The currency pair USD/JPY traded slightly lower, as some investors turned to the yen as a safe-haven asset on the back of an increase in risk aversion. The Japanese data also impacted the pair’s performance. Japan’s Ministry of Health, Labor and Welfare reported its estimates showed that total cash earnings increased 0.7 percent y-o-y in December, following an unrevised 0.9 percent y-o-y gain in November. Economists had expected the cash earnings would increase by 0.7 percent y-o-y. According to the report, both contractual gross earnings and special cash earnings grew 0.7 percent y-o-y in December. Real cash earnings dropped 0.5 percent y-o-y in December, following a 0.1 percent y-o-y advance in November. The preliminary data from the Cabinet Office revealed that Japan's leading index, a gauge for the economy's performance months ahead, decreased to 107.9 in December from a revised 108.2 in November (originally 108.3 points). That was below economists forecast of 108.1. Meanwhile, the coincident economic index for Japan, which reflects current economic conditions, surged to 120.7 in December from an unrevised 117.90 in November. It was expected to rise to 118.2. Resistance level - Y110.46 (high of February 2). Support level - Y108.28 (low of January 26).
U.S. stock indexes closed higher on Tuesday, rebounding after the biggest one-day selloff in more than six years, as investors’ risk appetite increased amid lower concerns over the prospects for the U.S. economy. Focus also was on the U.S. trade balance data for December and the Job Openings and Labor Turnover Survey (JOLTS). The Department of Commerce reported the U.S. the goods and services trade deficit widened by 5.3 percent m-o-m (or $2.68 billion) to $53.12 billion in December from a revised $50.44 billion in November (originally a gap of $50.50 billion). That was the biggest trade gap since October of 2008. Economists had expected a deficit of $52.00 billion. According to the report, December exports were $203.35 billion, up 1.8 percent m-o-m, while December imports stood at $256.47 billion, up 2.5 percent m-o-m. For 2017, the goods and services deficit surged 12.1 percent y-o-y (or $61.24 billion) to $566.03 billion, the highest since 2008. The JOLTS published by the Labor Department showed the U.S. job openings fell slightly in December compared with November. According to the report, employers posted 5.811 million job openings in December, a decrease of 167,000 (or -2.8 percent) from the November figure of 5.978 million (revised from 5.879 million in original estimate). That was the lowest level since May. The job openings rate was 3.8 percent in December, down from 3.9 percent in the prior month.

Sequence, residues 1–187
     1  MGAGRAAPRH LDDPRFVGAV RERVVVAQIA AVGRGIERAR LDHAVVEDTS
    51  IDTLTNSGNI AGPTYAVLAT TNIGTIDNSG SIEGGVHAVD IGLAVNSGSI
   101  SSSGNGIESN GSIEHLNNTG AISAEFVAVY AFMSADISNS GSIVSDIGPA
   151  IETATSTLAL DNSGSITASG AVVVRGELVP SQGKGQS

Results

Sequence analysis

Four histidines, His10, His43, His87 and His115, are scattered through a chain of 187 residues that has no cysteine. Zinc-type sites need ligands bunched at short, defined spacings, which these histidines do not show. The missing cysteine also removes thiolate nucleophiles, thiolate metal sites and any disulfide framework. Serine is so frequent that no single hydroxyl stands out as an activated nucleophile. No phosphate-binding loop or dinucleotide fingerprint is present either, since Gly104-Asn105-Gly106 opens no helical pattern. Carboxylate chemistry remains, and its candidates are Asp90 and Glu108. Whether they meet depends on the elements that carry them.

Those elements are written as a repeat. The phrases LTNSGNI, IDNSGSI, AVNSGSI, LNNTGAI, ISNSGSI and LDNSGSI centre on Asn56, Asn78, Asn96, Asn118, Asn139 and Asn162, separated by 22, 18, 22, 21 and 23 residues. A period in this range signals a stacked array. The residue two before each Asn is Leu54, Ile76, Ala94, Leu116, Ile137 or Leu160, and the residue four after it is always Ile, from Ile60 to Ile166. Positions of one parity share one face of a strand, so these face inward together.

Asian stock indexes closed mixed on Wednesday, correcting after massive losses, recorded the previous day. Japan’s equity benchmark, the Nikkei, eked out a slim advance, tracking gains posted by U.S. stocks on Tuesday. However, its further growth was limited by the strong yen, which put pressure on export-oriented companies.
European stock indexes are expected to trade mixed in the morning trading session.
Yields of US 10-year notes hold at 2.77% (-2 basis points)
Yields of German 10-year bonds hold at 0.70% (0 basis points)
Yields of UK 10-year gilts hold at 1.52% (0 basis points)
Light Sweet Crude Oil (WTI) futures traded higher. Crude oil for delivery in March settled at $63.86 (+0.74%). The crude oil prices rose, helped by the latest report from the American Petroleum Institute (API), which showed that U.S. crude inventories fell last week. According to the API data, the U.S. crude supplies reduced by 1.1 million barrels for the week ended February 2. At the same time, gasoline stockpiles fell by 227,000 barrels, while inventories of distillates recorded a surprise climb of 4.6 million barrels. Market participants are now awaiting weekly data on U.S. crude inventories from the U.S. Energy Information Administration (EIA).
Gold traded at $1331.50 (+0.54%). Gold prices rose, as the U.S. dollar weakened, while the demand for safe-havens remained high. The index, measuring the value of the U.S. dollar relative to a basket of six major currencies, fell 0.03 percent to 89.56. Since gold prices are tied to the dollar, a weaker dollar makes the precious metal cheaper for holders of foreign currencies.
IV. The most important news that are expected (time GMT0)
Foreign Currency Reserves
Halifax house price index
ECB's Lautenschläger Speech
FOMC Member Dudley Speak
Crude Oil Inventories
FOMC Member Charles Evans Speaks
RBNZ Interest Rate Decision
RBNZ Rate Statement
RBNZ Press Conference
FOMC Member Williams Speaks
|remaining time till the new event being published|
All posted material is a marketing communication solely for informational purposes and reliance on this may lead to loss. Past performance is not a reliable indicator of future results. Please read our full disclaimer.